Objective: Estrogens enhance ischemia tolerance (IT) in the myocardium, the mechanism of which remains unclear. We investigated the effects of long-term estrogen deprivation on the intracellular calcium (Ca2+i) transient of the heart and its possible influence on IT. Methods: Hearts of ovariectomized (OVX) and sham-operated (control) adult female rats (some receiving estrogen therapy) were studied 10 weeks after surgical operation: control (n = 8), OVX (n = 10), sham-operated estrogen-substituted (n = 7), and ovariectomized estrogen-substituted (n = 9). In vivo heart function was assessed by echocardiography, whereas Ca2+i transients were recorded, concomitantly with left ventricular pressure and coronary flow, by Indo-1 surface fluorometry in isolated Langendorff-perfused hearts. Isolated hearts were subjected to a 30-minute global ischemia-30-minute reperfusion protocol. Left ventricular expression of myocardial sarcoendoplasmic reticulum Ca2+-ATPase (SERCA2a), phospholamban (PLB), and Ser16-phosphorylated PLB was measured. Results: Ovariectomy did not influence resting cardiac function in vivo or ex vivo. However, Ca2+ removal was slower. During ischemia, Ca2+i elevation and ischemic contracture were more pronounced after ovariectomy. Postischemic restitution of inotropic function (developed pressure; +dP/dtmax) and lusitropic function (-dP/dtmax) and Ca2+i transient recovery (amplitude; ±dCa2+i/dtmax) were decreased in OVX hearts. Sarcoendoplasmic reticulum Ca2+-ATPase expression was unaltered, whereas PLB and Ser16-phosphorylated PLB levels were higher after ovariectomy. All effects of ovariectomy were restored by estrogen therapy. Conclusions: Ovariectomy impairs myocardial Ca2+ removal by increasing the expression of the SERCA2a inhibitor PLB. Defective Ca2+ transport causes ischemic Ca2+i overload and insufficient postischemic recovery of Ca2+i transients, which entail depressed hemodynamic restitution. Protection of intact Ca2+ cycling in the myocardium by estrogens plays a major role in enhancing IT.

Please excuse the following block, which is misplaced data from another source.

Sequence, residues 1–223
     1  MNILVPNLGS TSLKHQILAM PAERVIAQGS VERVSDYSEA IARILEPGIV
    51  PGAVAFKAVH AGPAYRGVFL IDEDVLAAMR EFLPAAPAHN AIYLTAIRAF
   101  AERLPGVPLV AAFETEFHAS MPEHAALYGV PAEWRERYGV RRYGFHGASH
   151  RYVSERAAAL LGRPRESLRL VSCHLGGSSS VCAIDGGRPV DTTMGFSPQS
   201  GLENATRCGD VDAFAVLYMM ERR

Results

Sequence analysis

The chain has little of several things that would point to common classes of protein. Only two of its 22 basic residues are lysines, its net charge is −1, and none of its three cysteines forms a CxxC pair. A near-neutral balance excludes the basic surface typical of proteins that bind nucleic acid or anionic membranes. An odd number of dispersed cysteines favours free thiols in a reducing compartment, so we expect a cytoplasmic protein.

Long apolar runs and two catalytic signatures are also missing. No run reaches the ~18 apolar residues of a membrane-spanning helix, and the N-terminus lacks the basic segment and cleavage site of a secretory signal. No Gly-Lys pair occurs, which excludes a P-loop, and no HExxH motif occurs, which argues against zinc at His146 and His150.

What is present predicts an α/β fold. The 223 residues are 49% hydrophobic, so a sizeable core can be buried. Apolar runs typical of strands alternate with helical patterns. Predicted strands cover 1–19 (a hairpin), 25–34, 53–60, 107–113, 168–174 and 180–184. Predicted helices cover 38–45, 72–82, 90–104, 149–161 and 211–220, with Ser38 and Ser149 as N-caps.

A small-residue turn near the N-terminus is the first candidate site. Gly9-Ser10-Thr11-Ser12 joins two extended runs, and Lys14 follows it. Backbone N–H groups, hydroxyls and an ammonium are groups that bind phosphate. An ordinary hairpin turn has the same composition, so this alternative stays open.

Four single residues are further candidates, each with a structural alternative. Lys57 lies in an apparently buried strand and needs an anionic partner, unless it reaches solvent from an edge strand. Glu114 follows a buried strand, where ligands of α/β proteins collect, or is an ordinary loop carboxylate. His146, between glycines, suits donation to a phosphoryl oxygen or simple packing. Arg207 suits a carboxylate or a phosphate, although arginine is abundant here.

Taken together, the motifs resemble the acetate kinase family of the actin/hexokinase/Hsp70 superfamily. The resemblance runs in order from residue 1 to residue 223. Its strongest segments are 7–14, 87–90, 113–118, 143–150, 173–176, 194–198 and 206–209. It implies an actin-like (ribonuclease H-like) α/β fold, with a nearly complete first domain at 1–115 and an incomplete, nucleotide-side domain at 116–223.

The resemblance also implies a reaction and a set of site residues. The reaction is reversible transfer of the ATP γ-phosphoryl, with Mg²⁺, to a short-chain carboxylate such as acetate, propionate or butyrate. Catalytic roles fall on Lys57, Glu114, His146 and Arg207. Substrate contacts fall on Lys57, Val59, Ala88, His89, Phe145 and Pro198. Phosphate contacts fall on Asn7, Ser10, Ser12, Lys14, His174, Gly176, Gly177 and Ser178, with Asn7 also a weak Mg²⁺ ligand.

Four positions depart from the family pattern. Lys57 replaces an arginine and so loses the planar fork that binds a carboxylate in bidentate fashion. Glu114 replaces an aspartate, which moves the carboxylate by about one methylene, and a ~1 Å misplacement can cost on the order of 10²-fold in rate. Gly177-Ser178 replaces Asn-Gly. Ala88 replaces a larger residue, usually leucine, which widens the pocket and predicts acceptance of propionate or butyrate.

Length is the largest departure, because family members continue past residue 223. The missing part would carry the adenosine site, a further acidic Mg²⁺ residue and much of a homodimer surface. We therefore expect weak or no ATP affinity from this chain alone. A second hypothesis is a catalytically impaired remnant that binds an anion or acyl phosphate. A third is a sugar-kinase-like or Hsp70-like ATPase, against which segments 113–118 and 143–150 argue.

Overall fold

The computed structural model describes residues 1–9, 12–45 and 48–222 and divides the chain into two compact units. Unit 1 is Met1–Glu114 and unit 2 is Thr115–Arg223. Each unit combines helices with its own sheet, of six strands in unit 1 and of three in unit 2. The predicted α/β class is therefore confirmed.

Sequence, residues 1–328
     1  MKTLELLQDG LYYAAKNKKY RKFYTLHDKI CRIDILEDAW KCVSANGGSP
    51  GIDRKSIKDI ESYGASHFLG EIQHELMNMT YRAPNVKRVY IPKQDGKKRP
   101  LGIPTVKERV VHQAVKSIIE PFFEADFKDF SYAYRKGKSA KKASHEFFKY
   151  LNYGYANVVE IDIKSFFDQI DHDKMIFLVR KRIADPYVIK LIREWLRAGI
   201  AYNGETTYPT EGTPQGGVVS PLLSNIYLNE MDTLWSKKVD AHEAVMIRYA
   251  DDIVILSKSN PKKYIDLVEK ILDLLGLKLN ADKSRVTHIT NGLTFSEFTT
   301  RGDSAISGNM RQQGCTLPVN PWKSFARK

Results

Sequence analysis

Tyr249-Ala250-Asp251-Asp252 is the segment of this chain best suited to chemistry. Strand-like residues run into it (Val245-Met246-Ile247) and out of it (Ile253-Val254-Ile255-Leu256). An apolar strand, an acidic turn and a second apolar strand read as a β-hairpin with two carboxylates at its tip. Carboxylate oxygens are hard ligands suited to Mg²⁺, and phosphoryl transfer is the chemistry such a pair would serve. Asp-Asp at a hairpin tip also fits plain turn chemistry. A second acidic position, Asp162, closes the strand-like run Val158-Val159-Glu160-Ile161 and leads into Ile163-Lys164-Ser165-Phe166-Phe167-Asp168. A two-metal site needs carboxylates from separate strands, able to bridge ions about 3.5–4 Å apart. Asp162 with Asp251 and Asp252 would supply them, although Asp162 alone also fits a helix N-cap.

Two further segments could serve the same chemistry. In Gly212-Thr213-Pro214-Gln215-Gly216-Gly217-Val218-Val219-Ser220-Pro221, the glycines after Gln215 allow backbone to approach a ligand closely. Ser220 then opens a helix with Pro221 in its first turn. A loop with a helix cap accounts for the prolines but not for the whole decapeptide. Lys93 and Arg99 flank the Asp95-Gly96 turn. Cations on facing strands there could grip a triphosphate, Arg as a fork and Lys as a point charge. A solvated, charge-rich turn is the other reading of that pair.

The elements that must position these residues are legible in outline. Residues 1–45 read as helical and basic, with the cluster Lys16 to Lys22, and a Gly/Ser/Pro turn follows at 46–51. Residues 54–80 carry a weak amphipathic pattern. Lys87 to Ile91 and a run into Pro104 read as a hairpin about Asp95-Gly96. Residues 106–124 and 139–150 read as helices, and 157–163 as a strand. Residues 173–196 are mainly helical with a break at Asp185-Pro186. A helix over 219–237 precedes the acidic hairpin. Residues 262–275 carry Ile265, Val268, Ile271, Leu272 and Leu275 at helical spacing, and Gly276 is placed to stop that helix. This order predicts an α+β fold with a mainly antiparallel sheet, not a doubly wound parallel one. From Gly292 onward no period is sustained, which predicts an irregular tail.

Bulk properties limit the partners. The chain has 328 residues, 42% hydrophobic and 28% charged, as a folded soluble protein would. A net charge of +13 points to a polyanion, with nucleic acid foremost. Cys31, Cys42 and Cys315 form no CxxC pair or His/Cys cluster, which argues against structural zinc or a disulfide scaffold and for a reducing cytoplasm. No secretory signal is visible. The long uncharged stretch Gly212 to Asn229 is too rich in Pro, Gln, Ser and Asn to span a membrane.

ASJC Scopus subject areas
- Obstetrics and Gynaecology